proto-, prot- +

(Greek: first; foremost, front, earliest form of, original, primitive; chief, principal; usually used as a prefix)

protomartyr
1. The first martyr in a cause; especially a reference to the first Christian martyr, Saint Stephen.
2. The first person to die for a cause.
protomasochism
The primary, ancestral tendency of the death instinct to lead all human beings into annihilation or to drive them into nothingness.

The term is used to describe "a pleasure of destruction directed against the ego, a kind of sadism which has chosen the ego for its victim."

protomorph, protomorphic
A reference to, or having the most primitive or elementary form of structure or shape.
proton accelerator
A particle accelerator which accelerates protons to high energies, as opposed to one which accelerates heavier ions or electrons.
proton density
A measure of proton concentration, or the number of atomic nuclei for given volumes.

It is one of the major determinants of magnetic resonance signal strength in hydrogen imaging.

proton magnetometer
1. A device used in subsurface detection which records variation in the earth's magnetic field.
2. An instrument used in magnetic surveying for detecting changes in magnetic field intensity.

It takes intermittent measurements of absolute field strength.

3. A sensitive device designed to measure the frequency of the proton resonance in ordinary water.
proton microscope
1. A powerful type of microscope that uses a beam of protons, giving high resolution and sharp contrast.
2. An instrument that uses protons instead of electrons to form the image of minute or tiny objects for viewing.
proton pump inhibitor, proton-pump inhibitor, PPI, gastric acid pump inhibitor
1. A drug that limits acid secretion in the stomach.
2. Any of a group of drugs that inhibit the activity of proton pumps and are used to restrain gastric acid secretion in the treatment of ulcers and gastroesophageal reflux disease.
3. Any of a group of drugs used to treat excessive secretion of acid in the stomach and any resulting ulcers.

They block the enzyme (proton pump) in the cells of the gastric glands that secrete hydrochloric acid.

proton synchrotron
1. A ring-shaped synchrotron that accelerates protons to energies of several billion electron volts.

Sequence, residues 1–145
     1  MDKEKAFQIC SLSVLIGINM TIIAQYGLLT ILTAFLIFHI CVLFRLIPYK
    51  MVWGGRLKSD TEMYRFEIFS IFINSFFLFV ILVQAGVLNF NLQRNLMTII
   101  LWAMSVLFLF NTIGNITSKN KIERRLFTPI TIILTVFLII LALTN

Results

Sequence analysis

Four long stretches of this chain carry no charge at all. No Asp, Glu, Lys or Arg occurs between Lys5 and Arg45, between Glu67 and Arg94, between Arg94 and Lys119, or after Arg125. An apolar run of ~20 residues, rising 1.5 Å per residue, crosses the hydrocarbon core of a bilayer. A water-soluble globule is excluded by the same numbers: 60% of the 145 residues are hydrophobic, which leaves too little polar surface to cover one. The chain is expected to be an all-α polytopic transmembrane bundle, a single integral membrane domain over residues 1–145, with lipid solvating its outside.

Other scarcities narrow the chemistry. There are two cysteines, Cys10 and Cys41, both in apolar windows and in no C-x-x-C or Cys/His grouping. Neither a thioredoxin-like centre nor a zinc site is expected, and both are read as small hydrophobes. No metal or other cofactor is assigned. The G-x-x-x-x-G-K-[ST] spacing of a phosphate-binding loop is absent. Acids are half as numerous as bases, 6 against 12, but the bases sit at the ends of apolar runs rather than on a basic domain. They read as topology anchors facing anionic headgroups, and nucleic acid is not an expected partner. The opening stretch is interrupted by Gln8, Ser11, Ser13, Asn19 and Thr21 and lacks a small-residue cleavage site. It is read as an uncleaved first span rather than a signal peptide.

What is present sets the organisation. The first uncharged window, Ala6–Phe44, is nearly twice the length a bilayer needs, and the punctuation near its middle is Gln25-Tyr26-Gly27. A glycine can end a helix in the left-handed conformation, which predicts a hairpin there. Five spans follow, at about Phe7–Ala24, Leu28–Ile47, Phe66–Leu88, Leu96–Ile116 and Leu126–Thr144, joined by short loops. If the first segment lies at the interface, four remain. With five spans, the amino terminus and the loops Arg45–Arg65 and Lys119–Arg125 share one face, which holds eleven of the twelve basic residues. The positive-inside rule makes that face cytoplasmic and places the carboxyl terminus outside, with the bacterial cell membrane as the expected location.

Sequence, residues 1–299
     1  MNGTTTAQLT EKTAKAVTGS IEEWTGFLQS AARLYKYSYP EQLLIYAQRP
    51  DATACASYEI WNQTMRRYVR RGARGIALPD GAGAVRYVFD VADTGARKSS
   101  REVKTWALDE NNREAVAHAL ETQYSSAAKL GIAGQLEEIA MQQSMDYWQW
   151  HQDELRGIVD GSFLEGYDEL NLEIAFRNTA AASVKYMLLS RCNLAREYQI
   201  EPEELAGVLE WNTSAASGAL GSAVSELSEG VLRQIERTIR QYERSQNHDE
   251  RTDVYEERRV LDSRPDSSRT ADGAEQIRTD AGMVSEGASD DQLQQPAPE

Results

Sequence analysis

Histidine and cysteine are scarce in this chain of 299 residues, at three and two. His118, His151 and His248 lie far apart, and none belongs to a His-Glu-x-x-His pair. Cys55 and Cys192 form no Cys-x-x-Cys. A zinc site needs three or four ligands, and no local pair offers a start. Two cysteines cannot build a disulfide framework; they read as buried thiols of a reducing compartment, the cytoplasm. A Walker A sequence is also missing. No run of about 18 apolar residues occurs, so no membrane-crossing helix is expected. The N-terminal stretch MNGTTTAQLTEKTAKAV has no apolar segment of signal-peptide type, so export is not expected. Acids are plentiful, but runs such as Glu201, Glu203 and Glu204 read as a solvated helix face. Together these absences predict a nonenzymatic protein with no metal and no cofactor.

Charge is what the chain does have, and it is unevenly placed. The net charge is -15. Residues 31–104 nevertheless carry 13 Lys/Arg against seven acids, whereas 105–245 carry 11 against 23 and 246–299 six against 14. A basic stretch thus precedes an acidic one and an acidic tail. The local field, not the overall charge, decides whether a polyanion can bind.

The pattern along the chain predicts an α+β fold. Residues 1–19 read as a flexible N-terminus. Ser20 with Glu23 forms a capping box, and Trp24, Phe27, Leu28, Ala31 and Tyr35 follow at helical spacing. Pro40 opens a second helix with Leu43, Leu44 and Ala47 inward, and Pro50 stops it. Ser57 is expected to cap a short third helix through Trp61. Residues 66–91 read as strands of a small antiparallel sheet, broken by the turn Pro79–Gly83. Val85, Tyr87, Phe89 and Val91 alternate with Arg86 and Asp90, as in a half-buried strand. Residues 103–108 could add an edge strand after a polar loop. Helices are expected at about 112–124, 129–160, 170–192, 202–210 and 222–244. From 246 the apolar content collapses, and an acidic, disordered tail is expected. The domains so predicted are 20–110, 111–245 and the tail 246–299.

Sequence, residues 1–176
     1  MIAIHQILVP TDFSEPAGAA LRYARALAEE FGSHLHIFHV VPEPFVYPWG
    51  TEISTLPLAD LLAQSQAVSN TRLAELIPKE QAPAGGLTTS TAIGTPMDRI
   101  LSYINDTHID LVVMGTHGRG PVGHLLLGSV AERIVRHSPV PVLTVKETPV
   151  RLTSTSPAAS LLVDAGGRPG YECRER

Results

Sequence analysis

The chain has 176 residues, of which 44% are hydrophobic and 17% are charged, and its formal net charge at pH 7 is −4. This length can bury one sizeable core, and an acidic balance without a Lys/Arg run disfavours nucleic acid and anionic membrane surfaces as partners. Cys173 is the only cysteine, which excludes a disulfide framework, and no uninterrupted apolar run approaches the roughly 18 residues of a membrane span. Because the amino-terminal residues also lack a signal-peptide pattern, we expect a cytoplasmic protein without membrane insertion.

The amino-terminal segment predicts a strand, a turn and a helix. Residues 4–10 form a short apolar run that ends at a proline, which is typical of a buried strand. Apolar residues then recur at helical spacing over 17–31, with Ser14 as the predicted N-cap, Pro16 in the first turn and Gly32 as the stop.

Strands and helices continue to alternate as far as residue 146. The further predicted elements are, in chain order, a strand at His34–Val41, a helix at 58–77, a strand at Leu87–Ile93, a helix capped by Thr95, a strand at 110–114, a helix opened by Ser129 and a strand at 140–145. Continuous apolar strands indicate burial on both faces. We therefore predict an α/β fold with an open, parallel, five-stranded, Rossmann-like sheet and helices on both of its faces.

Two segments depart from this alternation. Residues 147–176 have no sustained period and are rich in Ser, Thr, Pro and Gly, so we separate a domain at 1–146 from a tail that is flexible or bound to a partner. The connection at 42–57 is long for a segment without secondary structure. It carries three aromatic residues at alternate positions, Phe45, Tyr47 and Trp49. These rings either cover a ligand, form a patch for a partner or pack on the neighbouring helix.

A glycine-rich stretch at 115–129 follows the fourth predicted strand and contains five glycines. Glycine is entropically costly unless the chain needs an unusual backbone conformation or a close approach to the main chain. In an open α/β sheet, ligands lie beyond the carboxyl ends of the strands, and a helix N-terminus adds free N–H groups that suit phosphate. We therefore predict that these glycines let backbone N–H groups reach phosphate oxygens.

2. A circular, very high-energy particle accelerator that accelerates protons through the action of magnetic fields and a high-frequency electric field.
proton, protonic
1. A stable elementary particle of the baryon family that is a component of all atomic nuclei and carries a positive charge equal to that of the electron's negative charge.
2. The number of protons in the nucleus of an atom equals the atomic number of the element.
3. An elementary particle having a single positive electrical charge and constituting the nucleus of the ordinary hydrogen atom.

The positive charge of the nucleus of any atom is due to its protons. Every atomic nucleus contains one or more protons; the number of protons, called the atomic number, is different for every element.

proton-beam therapy, proton beam therapy, proton therapy
1. Treatment in which doctors use nuclear technology and magnets to fire protons into tumors at about two thirds the speed of light.

Proton therapy's promise lies in its ability to destroy cancerous cells while sparing healthy cells half a millimeter away, reducing side effects. It also allows doctors to ramp up the radiation dose, theoretically improving cure rates.

The precise targeting is possible because the subatomic particles release the bulk of their destructive energy beneath the skin, at the tumor's depth, rather than near the surface, as X-rays do; and while standard radiation tends to cause damage to healthy tissues on the far side of tumor, protons slow and stop as they release their energy pulse, eliminating a harmful exit dose.

—Compiled from information discovered in the
U.S. News & World Report, by Adam Voiland in "The Promise of Proton-Beam Therapy";
November 18, 2008.
2. A precise form of radiation treatment for cancer and other conditions.

It is said to minimize damage to healthy tissue and surrounding organs, and such proton treatment is considered to be highly successful and it results in fewer side effects.

protonema (singular), protonemata (plural), protoneme
A green filament type of structure developed from the spore in mosses, on which a leafy plant arises as a lateral or terminal shoot.
protonym
Named after; that from which another is named.
protonymy
That from which another person, or something, is named.
protopathic
1. Stimuli and nerve systems concerned with sensation of pain and of marked variations in temperature.
2. Sensing pain, pressure, heat, or cold in a nonspecific manner, usually without localizing the stimulus.

Referring especially to certain sensory nerves.

3. Of primary sensitiveness or referring to sensory nerves in the skin with a primary, grosser, or more limited sensibility to stimuli.
4. The ability to appreciate deep pain sensations and marked variations in temperature; such as, hot and cold; distinguished from epicritic sensibility, or the sensibility to gentle stimulations permitting fine discriminations of touch and temperature as localized in the skin.